10 Tips for Siting Your House

By Jamie Roche

Image by Eggleston Farkas Architects, Seola Beach House

When we see a beautiful photo of a house on Pinterest or in a home decoration magazine, they usually appear perfectly sited. Neighboring homes are rarely visible, telephone lines are obscured and you can’t feel the winter wind or the summer humidity. In real life the positioning of a house on a piece of property can dictate the difference between an so-so house and a great one. Here are 10 important things to concepts in mind when you are siting your new home. Think about these concepts, visit your site and talk to local builders and home owners before you decide what house plan to buy.

Setbacks
The first consideration is the “buildable envelope.” Many local codes specify that a house should be a minimum number of feet from each of the lot lines and any body of water. Countless dollars and hours are wasted planning and even buying plans for homes that don’t fit the buildable envelope.

If you are planning to add a well and septic system, these will have setbacks that will affect how and where you place the house on your land.

Neighborhood fit
There are two great reasons to consider the type and siting of nearby homes. First, a house that fits well with the neighbors creates a more coherent and desirable neighborhood. Second, older homes nearby may have evolved to fit the local conditions. Study neighboring homes to learn what works (and what doesn’t).

Views from inside
What do you want to see at breakfast? Can you see or be seen by neighbors? The placement of the house on the lot and the placement of rooms in the house should take into account views in and out.

Think about taking advantage of a down slope for what is usually called a “daylit basement" — that is, a basement floor with windows and doors facing down the slope. Does your site lend itself to the use of decks or porches for taking advantage of good weather?

Solar orientation
Some like to wake with the sun, others like to sleep in. Consider which rooms should be sunny at what times of day.
siting a house for light and daylight
In the Midwest you’ll want sun in the winter and shade in the summer. Direct south-facing windows may get too hot in the Summer.
If you’re considering adding solar panels you’ll want to orient the panels south (in the Northern hemisphere) to capture optimal solar gain from the south. If you can’t face south west is second best.

Wind
Is your site windy? Where is the wind strongest/most sheltered? Trees, courtyards, walls… can all create comfortable places even on a windy site.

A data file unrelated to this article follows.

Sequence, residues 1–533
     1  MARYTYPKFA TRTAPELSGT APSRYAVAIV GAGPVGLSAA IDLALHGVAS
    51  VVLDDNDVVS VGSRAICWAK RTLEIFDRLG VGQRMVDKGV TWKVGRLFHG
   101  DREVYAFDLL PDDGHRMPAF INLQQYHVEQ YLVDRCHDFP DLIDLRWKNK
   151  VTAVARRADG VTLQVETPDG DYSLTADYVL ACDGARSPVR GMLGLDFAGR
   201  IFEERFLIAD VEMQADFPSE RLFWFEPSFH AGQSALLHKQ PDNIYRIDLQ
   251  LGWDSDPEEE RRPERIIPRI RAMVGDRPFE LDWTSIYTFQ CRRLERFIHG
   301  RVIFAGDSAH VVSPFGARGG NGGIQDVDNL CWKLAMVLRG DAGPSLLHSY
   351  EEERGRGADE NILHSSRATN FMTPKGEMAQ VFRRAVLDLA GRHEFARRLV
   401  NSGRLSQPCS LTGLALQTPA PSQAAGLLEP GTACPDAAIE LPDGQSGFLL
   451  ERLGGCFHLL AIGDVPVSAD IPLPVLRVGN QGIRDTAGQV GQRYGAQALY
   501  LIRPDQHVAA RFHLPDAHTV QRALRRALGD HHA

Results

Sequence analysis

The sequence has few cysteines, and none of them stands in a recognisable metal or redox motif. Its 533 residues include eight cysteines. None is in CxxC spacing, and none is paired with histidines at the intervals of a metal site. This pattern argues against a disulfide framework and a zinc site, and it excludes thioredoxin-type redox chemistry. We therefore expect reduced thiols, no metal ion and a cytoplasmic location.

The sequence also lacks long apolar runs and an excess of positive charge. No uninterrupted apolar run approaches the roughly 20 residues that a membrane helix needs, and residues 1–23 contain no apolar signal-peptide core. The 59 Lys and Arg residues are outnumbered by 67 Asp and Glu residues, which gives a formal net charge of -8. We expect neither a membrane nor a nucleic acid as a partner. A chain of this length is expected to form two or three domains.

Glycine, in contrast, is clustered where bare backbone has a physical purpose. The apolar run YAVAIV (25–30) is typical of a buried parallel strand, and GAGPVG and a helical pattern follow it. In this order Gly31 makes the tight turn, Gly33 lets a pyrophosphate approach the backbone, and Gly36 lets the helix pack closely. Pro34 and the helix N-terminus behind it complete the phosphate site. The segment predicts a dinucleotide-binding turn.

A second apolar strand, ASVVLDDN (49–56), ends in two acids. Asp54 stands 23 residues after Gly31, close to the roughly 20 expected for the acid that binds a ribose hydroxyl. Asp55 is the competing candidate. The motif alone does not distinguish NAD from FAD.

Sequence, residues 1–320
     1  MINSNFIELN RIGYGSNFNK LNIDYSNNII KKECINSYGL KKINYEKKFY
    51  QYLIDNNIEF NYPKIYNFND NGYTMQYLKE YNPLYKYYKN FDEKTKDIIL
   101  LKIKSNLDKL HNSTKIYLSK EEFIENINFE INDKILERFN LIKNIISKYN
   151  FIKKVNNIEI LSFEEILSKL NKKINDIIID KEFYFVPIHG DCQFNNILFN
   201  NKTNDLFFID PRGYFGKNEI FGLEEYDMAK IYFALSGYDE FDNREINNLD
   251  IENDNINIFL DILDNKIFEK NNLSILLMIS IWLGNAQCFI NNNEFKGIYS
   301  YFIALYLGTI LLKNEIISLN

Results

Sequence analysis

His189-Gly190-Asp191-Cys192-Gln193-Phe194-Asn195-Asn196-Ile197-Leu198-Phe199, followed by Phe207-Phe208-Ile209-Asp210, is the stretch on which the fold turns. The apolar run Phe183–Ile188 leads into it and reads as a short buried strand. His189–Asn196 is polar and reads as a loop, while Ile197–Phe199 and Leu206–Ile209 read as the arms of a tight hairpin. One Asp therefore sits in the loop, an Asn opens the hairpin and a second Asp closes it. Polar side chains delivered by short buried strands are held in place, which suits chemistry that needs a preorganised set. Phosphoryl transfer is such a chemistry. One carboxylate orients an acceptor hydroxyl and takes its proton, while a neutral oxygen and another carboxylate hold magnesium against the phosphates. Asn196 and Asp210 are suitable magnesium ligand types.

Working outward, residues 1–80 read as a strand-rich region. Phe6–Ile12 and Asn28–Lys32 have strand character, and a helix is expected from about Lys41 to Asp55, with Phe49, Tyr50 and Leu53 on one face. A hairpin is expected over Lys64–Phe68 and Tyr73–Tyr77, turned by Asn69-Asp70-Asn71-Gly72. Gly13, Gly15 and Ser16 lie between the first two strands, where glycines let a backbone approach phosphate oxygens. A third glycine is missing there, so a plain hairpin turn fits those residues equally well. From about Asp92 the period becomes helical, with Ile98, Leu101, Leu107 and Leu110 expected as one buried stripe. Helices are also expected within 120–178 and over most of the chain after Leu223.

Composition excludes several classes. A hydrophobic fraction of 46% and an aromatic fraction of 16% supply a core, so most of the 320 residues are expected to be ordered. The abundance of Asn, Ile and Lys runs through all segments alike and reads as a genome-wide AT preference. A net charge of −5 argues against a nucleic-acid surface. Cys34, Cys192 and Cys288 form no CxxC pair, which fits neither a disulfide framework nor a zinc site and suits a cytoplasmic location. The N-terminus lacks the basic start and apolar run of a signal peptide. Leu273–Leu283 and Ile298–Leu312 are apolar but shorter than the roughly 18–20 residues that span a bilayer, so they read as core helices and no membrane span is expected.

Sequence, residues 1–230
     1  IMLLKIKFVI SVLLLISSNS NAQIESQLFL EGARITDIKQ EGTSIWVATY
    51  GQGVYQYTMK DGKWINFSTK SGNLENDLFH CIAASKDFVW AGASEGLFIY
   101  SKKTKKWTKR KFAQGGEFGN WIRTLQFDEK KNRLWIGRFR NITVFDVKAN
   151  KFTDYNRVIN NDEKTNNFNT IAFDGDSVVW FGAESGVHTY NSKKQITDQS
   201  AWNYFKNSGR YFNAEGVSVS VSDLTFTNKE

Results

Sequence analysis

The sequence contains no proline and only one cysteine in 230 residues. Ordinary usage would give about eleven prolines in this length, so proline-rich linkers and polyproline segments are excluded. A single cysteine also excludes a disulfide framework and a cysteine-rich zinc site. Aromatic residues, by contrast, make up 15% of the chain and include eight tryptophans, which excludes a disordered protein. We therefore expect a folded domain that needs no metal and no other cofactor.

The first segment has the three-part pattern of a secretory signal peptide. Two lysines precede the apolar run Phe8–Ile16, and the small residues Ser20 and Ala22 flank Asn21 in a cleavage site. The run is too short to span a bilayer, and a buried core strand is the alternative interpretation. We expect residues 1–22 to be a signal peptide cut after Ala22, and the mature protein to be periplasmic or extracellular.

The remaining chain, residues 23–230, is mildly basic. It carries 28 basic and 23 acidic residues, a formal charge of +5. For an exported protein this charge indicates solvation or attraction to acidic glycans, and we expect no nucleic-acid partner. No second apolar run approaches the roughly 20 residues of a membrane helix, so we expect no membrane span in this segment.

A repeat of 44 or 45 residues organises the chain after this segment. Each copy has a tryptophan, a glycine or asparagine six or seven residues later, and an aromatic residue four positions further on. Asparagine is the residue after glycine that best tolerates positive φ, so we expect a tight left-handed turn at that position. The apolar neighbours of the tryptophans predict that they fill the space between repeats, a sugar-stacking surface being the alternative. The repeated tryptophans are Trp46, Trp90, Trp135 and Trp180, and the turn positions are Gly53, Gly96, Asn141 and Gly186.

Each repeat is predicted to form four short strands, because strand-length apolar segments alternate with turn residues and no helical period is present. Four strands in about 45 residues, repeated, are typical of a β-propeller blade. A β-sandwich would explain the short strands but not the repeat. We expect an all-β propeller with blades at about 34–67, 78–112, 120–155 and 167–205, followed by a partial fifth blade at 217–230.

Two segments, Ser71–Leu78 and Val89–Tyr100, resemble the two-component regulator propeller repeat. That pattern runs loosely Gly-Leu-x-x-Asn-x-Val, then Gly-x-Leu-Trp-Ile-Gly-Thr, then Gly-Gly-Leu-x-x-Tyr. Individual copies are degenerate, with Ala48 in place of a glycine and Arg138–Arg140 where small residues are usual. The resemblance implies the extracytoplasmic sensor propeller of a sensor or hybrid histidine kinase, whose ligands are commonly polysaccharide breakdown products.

Landscape Elements
Tall hedges and trees can help break the wind and offer shade on hot days. Considering existing mature trees in your house siting may save you time and money. Also remember that smaller, immature trees near the house will grow up. Consider how will they will effect the light and warmth of the home as they grow.

Slope
If your lot has a slope you might want to consider drainage when you site your home. Shaping a lot, adding drainage and pumping sewage uphill to a sewer hookup can all add significant cost and complexity.
siting a house for light and drainage
Think about taking advantage of a down slope for what is usually called a “daylit basement" — that is, a basement floor with windows and doors facing down the slope.

Browse sloping lot houseplans at houseplans.com

Hills
Consider the effect on evening sun and the emotional impact of living in front of or on top of a steep hill when siting a house on a steep lot. When you pick your plan, keep in mind that hill houses are designed differently than flat houses. Trying to make a flat lot house work on a hill may be more work than starting from a steep lot plan and modifying it to fit your tastes.

Sound
Loud neighbors and busy streets impact the experience and even the resale value of your home. Think about the source of noise and consider what part of the house faces the source, Since sound travels through windows more easily than walls, consider how many windows you want facing a noise source.

Future structures
Are you thinking about adding; a garden shed? a barn? an income unit or cottage for aging parents? even a chicken coop or bee hive? Consider the location of any future structures when you site your house.
Jamie Roche chicken coop
Let your site and its particular needs help teach you what plan to fall in love with. Starting with a specific house plan and trying to shoe-horn it into a site can cause heartache.

Talk to your local builder to talk through your siting ideas, and feel free to call our plan experts to find and customize a plan to fit your site.

Originally Published in Houseplans.com

07/20/2013